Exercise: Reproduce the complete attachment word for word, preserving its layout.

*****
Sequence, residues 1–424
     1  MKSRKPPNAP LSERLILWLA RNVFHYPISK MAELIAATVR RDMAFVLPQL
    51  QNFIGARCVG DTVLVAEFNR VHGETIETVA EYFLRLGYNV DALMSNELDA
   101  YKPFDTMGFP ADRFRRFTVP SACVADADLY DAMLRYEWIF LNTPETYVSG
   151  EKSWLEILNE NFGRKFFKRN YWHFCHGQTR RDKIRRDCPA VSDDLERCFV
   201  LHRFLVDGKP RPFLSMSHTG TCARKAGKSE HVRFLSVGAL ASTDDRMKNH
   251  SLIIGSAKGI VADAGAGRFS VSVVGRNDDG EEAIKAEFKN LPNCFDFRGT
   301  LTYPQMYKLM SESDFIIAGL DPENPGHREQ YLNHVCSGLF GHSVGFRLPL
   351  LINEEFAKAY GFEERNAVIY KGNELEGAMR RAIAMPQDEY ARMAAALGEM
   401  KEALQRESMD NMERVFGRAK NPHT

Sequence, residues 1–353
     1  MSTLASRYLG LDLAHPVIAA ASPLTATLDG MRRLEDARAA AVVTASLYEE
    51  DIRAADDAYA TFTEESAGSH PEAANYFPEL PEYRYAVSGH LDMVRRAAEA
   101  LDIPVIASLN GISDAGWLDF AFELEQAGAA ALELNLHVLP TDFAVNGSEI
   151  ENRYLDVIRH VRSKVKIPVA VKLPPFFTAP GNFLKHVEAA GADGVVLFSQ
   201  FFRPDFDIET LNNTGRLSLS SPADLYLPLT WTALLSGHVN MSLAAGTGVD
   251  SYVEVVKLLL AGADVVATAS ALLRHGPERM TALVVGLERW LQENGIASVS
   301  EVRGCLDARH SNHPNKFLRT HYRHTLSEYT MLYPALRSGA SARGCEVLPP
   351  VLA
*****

Sequence, residues 1–424
     1  MKSRKPPNAP LSERLILWLA RNVFHYPISK MAELIAATVR RDMAFVLPQL
    51  QNFIGARCVG DTVLVAEFNR VHGETIETVA EYFLRLGYNV DALMSNELDA
   101  YKPFDTMGFP ADRFRRFTVP SACVADADLY DAMLRYEWIF LNTPETYVSG
   151  EKSWLEILNE NFGRKFFKRN YWHFCHGQTR RDKIRRDCPA VSDDLERCFV
   201  LHRFLVDGKP RPFLSMSHTG TCARKAGKSE HVRFLSVGAL ASTDDRMKNH
   251  SLIIGSAKGI VADAGAGRFS VSVVGRNDDG EEAIKAEFKN LPNCFDFRGT
   301  LTYPQMYKLM SESDFIIAGL DPENPGHREQ YLNHVCSGLF GHSVGFRLPL
   351  LINEEFAKAY GFEERNAVIY KGNELEGAMR RAIAMPQDEY ARMAAALGEM
   401  KEALQRESMD NMERVFGRAK NPHT

Sequence, residues 1–353
     1  MSTLASRYLG LDLAHPVIAA ASPLTATLDG MRRLEDARAA AVVTASLYEE
    51  DIRAADDAYA TFTEESAGSH PEAANYFPEL PEYRYAVSGH LDMVRRAAEA
   101  LDIPVIASLN GISDAGWLDF AFELEQAGAA ALELNLHVLP TDFAVNGSEI
   151  ENRYLDVIRH VRSKVKIPVA VKLPPFFTAP GNFLKHVEAA GADGVVLFSQ
   201  FFRPDFDIET LNNTGRLSLS SPADLYLPLT WTALLSGHVN MSLAAGTGVD
   251  SYVEVVKLLL AGADVVATAS ALLRHGPERM TALVVGLERW LQENGIASVS
   301  EVRGCLDARH SNHPNKFLRT HYRHTLSEYT MLYPALRSGA SARGCEVLPP
   351  VLA